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Composted Swine Manure Effects on Germination and Early Growth of Crop and Weed Species Under Greenhouse Conditions

Published online by Cambridge University Press:  20 January 2017

Fabián D. Menalled*
Affiliation:
Department of Land Resources and Environmental Sciences, Montana State University, Bozeman, MT 59717-3120
Douglas D. Buhler
Affiliation:
Department of Crop and Soil Sciences, Michigan State University, East Lansing, MI 48824
Matt Liebman
Affiliation:
Department of Agronomy, Iowa State University, Ames, IA 50011-1010
*
Corresponding author's E-mail: menalled@montana.edu

Abstract

Composted manure produced in deep-bedded hoop structures constitutes a source of nutrients and organic materials that can influence crop and weed emergence, growth, competitive interactions, and soil physical properties. The impact of composted swine manure on corn, soybean, winter wheat, velvetleaf, giant foxtail, and common waterhemp emergence and early growth were compared at compost rates of 0, 8, 16, or 24 Mg C/ha. Compost amendment had no effect on crop emergence but did reduce weed emergence. Inhibition of seedling emergence ranged between 15 and 57% for giant foxtail, 0 and 23% for velvetleaf, and 16 and 76% for common waterhemp. Soil amendment enhanced weed growth but not crop growth. A response surface regression analysis indicated that, while large-seeded crops have constant relative growth rates, small-seeded weed species increase their relative growth rates with compost amendment (P < 0.0001, r2 = 0.5252).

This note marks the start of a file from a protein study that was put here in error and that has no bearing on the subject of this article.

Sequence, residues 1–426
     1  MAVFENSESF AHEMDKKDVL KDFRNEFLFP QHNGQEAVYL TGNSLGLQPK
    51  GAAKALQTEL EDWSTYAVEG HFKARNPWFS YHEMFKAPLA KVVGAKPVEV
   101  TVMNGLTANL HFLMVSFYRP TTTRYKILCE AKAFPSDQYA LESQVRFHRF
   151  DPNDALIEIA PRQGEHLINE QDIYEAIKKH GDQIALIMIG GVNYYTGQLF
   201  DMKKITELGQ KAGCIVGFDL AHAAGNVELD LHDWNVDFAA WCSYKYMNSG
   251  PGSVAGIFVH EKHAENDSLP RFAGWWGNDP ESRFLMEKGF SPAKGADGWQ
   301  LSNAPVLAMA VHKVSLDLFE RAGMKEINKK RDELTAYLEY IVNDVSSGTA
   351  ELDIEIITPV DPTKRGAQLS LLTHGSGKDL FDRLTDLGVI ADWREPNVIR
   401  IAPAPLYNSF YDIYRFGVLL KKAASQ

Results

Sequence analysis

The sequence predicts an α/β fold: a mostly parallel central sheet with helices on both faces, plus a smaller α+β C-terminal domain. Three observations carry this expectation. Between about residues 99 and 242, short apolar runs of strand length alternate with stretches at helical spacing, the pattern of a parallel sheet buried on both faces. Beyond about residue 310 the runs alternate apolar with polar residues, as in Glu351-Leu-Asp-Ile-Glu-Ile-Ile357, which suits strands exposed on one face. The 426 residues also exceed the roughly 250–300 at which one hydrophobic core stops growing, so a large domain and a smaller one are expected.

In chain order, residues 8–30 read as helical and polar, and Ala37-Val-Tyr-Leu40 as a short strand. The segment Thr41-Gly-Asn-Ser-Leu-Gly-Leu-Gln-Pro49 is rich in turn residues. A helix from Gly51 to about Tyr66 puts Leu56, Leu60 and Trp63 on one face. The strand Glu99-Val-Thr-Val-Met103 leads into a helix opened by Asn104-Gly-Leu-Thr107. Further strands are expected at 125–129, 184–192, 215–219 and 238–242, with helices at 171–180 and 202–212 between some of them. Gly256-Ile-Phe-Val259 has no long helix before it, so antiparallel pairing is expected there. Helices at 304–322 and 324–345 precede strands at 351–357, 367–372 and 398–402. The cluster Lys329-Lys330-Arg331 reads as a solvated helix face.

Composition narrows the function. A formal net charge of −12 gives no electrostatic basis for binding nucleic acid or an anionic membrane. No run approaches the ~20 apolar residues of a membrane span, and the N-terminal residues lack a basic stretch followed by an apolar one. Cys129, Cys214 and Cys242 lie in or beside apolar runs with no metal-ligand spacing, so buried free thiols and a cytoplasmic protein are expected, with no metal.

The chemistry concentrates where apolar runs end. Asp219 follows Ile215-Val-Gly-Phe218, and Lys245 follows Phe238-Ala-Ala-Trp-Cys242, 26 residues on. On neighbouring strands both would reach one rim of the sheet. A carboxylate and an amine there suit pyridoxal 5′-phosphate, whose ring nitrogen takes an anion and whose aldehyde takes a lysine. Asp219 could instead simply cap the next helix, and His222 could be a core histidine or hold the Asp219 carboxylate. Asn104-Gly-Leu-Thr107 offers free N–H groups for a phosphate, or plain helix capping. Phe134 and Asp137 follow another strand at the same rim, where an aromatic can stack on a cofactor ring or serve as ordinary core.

Type
Research Article
Copyright
Copyright © Weed Science Society of America 

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